It is, therefore, beyond all question that the introduction of our modern academic celestial and terrestrial globes, as the principal feature and leading ornament of these columns, was not derived from the pillars at the porch of King Solomon's temple. The custom, however, of placing two lofty columns before the porch of temples dedicated to the worship of the heavenly bodies, was a very ancient and universal one. The Egyptian temples were always decorated by such pillars. They may have also ornamented, and probably did sometimes ornament, these pillars with spheres or globes placed on their tops, and intended to represent the one the orb of the sun, or Osiris, the other the full moon of the equinox, or Isis.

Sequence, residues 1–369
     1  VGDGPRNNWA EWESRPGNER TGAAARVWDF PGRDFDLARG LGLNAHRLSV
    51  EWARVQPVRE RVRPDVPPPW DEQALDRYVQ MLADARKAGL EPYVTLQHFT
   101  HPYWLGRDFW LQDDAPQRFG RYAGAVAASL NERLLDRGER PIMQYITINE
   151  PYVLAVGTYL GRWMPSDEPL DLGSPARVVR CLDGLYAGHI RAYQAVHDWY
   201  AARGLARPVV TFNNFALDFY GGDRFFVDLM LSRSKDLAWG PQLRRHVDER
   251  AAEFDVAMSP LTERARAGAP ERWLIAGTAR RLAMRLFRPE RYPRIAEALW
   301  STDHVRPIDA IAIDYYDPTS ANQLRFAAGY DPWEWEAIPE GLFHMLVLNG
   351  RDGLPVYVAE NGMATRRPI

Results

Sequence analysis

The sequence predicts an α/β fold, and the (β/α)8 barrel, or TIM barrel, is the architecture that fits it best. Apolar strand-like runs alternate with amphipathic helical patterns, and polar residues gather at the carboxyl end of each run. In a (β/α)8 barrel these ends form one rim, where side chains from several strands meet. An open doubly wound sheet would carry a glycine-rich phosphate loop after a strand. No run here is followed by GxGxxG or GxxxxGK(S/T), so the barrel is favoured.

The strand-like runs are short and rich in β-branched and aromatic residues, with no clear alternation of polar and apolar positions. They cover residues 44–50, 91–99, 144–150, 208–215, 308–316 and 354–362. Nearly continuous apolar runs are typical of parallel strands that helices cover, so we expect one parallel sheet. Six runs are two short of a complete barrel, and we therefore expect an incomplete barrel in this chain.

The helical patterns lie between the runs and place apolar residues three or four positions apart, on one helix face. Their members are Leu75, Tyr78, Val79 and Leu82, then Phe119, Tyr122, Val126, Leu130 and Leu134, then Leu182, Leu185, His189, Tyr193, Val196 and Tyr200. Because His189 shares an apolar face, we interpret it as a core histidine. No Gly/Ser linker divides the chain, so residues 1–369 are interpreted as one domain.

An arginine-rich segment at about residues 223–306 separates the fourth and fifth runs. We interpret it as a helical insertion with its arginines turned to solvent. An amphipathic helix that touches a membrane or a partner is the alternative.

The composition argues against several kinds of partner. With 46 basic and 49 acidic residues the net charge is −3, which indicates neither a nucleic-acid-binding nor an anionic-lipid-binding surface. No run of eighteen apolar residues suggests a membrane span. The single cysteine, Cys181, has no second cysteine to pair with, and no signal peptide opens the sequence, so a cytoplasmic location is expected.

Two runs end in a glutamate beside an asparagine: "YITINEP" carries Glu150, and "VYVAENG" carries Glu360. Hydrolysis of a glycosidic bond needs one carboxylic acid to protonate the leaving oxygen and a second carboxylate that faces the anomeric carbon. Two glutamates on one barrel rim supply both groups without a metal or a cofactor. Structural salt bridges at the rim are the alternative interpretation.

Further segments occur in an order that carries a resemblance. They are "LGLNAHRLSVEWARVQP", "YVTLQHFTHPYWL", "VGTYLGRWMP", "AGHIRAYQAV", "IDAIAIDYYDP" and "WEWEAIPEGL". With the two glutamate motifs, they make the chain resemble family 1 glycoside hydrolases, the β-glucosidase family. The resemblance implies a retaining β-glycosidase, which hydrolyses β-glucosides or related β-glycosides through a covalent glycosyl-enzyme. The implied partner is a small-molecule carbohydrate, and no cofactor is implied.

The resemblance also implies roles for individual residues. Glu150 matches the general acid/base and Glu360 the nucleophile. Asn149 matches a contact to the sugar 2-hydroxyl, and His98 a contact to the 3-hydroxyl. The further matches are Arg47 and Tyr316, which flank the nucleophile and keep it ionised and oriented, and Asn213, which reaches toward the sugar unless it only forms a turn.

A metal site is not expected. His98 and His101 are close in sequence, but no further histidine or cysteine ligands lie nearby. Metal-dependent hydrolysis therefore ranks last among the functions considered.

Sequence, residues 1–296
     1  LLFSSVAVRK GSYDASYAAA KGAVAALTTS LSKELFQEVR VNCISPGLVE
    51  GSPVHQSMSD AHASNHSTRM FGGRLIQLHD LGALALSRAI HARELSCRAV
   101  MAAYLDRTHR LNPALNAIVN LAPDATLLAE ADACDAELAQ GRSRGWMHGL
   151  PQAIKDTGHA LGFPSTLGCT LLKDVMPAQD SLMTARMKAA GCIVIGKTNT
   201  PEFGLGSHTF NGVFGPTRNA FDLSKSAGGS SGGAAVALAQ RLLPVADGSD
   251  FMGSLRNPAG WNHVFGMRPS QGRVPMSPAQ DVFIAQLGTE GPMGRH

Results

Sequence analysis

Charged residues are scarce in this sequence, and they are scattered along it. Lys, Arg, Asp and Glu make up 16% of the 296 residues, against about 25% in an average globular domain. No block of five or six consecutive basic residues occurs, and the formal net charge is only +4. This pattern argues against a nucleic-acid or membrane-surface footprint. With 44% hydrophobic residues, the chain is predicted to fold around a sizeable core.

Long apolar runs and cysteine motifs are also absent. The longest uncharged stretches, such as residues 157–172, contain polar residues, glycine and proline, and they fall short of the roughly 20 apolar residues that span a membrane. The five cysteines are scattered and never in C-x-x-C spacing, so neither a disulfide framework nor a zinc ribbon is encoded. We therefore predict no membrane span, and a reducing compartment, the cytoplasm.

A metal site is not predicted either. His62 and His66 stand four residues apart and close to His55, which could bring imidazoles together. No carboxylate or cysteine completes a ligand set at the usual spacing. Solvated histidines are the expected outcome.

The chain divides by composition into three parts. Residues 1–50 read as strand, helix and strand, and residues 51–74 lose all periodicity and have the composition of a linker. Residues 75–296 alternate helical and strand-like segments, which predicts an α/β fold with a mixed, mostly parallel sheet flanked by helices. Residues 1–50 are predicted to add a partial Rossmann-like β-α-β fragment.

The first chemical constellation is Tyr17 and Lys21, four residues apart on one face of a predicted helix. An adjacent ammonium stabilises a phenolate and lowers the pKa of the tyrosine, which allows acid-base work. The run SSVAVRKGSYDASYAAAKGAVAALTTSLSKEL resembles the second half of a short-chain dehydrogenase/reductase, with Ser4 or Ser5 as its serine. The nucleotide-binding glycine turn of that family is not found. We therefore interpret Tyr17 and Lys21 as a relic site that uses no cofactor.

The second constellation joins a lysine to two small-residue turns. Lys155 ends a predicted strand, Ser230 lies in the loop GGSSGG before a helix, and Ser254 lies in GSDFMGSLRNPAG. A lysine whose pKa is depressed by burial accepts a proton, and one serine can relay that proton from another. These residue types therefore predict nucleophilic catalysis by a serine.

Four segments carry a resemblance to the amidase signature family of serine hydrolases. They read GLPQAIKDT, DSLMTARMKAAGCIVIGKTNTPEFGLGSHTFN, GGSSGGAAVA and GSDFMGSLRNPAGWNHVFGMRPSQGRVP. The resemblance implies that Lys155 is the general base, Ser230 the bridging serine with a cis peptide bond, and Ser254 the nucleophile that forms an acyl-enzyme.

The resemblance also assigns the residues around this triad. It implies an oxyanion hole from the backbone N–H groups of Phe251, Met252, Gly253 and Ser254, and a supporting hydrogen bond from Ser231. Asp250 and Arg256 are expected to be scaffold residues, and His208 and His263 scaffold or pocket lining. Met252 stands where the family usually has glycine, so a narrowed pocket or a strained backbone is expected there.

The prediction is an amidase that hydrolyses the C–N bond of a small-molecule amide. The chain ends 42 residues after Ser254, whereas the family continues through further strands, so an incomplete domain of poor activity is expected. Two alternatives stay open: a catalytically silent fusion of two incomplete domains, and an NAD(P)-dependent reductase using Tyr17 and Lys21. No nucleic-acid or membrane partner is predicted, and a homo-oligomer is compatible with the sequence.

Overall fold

That the Phoenician artists who constructed the pillars at the porch of King Solomon's temple also imitated the architecture of the Egyptians in this, is possible, although no mention is made of the fact in either Kings or Chronicles. Such spheres, however, would be something very different from those upon the masonic columns. That the pillars of the porch may have been surmounted by figures globular in form, and intended to represent respectively the sun and moon, is rendered somewhat probable from the fact that the whole construction of the temple, as we have seen from what Josephus says, was emblematic of the entire universe. That these columns partook of this symbolism, and were emblematic in some way of the sun and moon, would seem to be indicated by their very names. One of them was called "Boaz." This word is derived from two roots, "bo," motion, haste; and "az," fire, i.e., the sun, the great moving fire. The other was called "Jachin," which clearly refers to the moon. Our word "month" is derived from the word "moon"—a month being one moon, or one revolution of the moon. The Hebrew months were also lunar, hence they called them Jachin, which comes from Jarac, which means the moon (Dr. Adam Clarke).